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January 5, 2007

Plan for New Research on Genetics and Bipolar Disorder

The Zucker Hillside Hospital campus of The Feinstein Institute for Medical Research and a team of researchers at Cold Spring Harbor Laboratory (CSHL) plan to collaborate on research to identify key genes in the onset of Bipolar Disorder. The studies will last 2 to 3 years, and will focus on early onset Bipolar Disorder by focusing on children diagnosed with Bipolar Disorder and their parents. The research group will be headed by James Watson, PhD, a noble prize winner who co-discovered the DNA molecule.

"For complex illnesses like bipolar disorder that vary dramatically in symptoms and severity among affected individuals, especially children and adolescents, identifying genetic underpinnings is very difficult," said Anil Malhotra, MD, lead investigator for The Feinstein. "It is also critical to accelerating and confirming a bipolar diagnosis and developing more rational and effective treatments. Collaborating with Cold Spring Harbor Laboratory will help make this a reality."
"This collaboration brings together the major elements necessary to understand a complex illness such as BPD," said Dr. Watson. "The clinical and scientific expertise of the physician-scientists at The Feinstein Institute combined with CSHL's breakthrough genetics research is a perfect match. I expect this collaboration to contribute a great deal to our understanding of the genes involved in bipolar disorder and to the diagnosis and treatment of this illness."
Although Bipolar Disorder usually develops in late teens of early adulthood, many children are now being affected with early onset. Diagnosis of these children can be difficult and many times they are misdiagnosed as ADHD or oppositional defiant. Some of the early symptoms are even believed to be in the range of normal developmental behaviors, so many children go years before they are diagnosed and receiving treatment. Without treatment these children can suffer academically and socially.

Children and adolescents between 7 and 18 years old, with two living biological parents may participate in the study. DNA from blood samples will be examined from both parents and the child. MRIs and psychological assessments will also be performed. The researchers hope to enroll 1,500 participants, 500 children and 1000 parents.

According to the National Institute of Mental Health, bipolar disorder that begins in childhood or early adolescence may be a different, possibly more severe, form of the illness than older adolescent- and adult-onset bipolar disorder. Using novel genetic technologies, the research team hopes to identify for the first time genes that influence the risk of developing bipolar disorder at an early age. Such knowledge could help researchers develop preventative strategies and better treatments for this disabling illness.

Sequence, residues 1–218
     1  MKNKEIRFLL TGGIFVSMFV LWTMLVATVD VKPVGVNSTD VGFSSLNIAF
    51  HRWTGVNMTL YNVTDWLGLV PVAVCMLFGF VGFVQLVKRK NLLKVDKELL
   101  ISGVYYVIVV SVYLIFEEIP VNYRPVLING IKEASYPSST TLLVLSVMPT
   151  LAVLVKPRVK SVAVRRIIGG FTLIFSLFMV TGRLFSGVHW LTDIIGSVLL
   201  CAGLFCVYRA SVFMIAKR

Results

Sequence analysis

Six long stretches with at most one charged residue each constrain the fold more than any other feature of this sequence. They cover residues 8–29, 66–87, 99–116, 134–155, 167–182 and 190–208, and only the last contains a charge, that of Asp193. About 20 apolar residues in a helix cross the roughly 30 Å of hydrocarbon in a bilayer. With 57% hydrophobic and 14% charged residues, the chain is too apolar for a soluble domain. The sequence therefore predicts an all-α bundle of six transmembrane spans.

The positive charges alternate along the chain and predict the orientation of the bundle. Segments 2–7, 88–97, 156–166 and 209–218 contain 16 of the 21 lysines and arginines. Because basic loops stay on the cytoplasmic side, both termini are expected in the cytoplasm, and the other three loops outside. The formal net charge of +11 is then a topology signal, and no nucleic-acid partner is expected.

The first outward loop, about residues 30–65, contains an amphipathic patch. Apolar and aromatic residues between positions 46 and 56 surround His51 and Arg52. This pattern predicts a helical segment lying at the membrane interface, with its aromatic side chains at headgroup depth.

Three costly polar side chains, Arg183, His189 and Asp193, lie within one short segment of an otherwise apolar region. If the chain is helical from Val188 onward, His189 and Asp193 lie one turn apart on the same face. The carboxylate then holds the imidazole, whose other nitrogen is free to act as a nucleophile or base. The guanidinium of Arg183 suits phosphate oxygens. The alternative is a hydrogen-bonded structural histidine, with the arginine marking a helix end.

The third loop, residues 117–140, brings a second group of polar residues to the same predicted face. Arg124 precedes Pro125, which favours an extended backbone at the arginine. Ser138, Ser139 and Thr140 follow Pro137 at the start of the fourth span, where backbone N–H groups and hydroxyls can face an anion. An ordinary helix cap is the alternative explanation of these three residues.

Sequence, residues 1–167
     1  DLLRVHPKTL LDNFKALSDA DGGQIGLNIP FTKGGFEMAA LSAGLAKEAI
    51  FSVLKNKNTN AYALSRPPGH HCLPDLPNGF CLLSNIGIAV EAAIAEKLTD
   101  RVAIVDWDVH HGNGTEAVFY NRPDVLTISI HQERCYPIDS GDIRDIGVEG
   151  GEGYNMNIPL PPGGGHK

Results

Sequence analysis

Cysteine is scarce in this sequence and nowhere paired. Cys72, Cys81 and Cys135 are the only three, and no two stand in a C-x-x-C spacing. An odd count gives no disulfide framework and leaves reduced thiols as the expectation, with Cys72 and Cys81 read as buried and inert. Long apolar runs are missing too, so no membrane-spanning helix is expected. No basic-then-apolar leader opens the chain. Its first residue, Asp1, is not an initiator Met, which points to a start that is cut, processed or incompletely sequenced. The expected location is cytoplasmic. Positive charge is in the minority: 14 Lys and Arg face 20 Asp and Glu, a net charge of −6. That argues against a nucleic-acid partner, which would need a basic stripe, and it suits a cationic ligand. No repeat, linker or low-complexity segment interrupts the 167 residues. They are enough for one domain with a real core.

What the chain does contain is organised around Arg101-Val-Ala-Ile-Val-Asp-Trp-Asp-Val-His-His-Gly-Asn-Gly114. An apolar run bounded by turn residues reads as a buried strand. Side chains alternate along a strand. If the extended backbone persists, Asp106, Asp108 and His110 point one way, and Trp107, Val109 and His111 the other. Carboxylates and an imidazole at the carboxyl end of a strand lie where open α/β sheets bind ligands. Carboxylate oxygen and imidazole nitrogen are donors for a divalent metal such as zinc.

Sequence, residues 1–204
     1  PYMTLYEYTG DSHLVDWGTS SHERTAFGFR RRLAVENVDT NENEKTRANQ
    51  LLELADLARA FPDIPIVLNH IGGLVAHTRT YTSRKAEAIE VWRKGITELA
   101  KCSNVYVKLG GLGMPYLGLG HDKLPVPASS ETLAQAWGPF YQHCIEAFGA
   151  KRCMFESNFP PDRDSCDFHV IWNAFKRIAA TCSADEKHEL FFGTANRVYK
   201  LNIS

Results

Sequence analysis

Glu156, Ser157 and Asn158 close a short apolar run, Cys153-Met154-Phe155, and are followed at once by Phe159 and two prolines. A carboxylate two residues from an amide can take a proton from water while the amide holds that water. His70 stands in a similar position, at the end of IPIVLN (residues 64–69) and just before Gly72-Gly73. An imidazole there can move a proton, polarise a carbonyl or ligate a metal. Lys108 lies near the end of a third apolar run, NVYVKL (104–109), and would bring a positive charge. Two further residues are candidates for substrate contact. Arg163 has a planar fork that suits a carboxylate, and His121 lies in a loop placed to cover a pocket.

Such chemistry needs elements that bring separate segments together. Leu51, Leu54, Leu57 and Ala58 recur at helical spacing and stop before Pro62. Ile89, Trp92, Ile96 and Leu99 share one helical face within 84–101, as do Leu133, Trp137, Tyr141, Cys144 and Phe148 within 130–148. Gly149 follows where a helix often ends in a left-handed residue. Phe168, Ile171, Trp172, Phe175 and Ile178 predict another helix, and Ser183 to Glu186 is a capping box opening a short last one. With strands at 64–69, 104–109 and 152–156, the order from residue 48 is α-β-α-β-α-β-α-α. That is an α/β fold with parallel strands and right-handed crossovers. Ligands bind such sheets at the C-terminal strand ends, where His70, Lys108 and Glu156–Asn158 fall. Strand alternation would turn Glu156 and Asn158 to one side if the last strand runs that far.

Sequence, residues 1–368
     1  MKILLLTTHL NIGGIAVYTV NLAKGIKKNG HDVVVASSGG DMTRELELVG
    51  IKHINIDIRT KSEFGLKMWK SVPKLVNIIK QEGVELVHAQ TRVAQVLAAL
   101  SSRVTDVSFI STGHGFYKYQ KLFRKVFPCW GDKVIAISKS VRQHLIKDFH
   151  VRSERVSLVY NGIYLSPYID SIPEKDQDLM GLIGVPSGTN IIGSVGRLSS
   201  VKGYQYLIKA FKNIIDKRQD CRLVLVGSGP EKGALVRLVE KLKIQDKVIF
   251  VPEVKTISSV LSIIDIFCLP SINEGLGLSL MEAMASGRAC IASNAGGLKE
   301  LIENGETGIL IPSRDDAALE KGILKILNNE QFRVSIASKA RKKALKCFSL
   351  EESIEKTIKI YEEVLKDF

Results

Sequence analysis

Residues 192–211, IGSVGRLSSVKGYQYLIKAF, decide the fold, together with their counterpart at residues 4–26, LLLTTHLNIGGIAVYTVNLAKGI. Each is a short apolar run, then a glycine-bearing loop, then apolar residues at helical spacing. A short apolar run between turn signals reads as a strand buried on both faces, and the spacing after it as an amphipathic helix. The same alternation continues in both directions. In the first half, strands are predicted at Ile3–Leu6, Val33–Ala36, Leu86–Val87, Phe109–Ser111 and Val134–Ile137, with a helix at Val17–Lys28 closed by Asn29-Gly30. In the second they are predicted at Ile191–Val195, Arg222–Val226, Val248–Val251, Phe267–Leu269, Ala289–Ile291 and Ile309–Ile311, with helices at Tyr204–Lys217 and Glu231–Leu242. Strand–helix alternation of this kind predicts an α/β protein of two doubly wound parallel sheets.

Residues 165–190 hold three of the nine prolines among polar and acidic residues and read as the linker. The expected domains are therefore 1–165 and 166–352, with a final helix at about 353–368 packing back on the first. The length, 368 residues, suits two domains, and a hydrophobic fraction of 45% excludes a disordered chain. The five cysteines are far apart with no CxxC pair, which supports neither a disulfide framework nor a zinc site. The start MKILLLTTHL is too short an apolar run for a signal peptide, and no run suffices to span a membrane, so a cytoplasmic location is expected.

The CSHL research team includes Jonathan Sebat, PhD, and Sydney Gary, PhD. Researchers at Johns Hopkins University in Baltimore, MD, and within the intramural research program at the National Institute of Mental Health in Bethesda, MD, are also collaborating on the study. This project is funded by a generous grant from the Stanley family.

About The Feinstein Institute for Medical Research

Located in Manhasset, NY, and part of the North Shore-Long Island Jewish (LIJ) Health System, The Feinstein Institute for Medical Research is among the top six percent of all institutions that receive funding from the National Institutes of Health. Building on its strengths in immunology and inflammation, oncology and cell biology, genomics and human genetics, and neurodegenerative and psychiatric disorders, its goal is to understand the biological processes that underlie various diseases and translate this knowledge into new tools for diagnosis and treatment. For more information, please visit

About Cold Spring Harbor Laboratory

CSHL is a private, non-profit research and education institution dedicated to exploring molecular biology and genetics in order to advance the understanding and ability to diagnose and treat cancers, neurological diseases, such as BPD, and other causes of human suffering. CSHL is ranked number one by Science Watch for its impact on Molecular Biology and Genetics during the last decade and is rated 10th of 4,000 charities for fiscal responsibility by Charity Navigator. For more information please visit or email the Public Affairs office at


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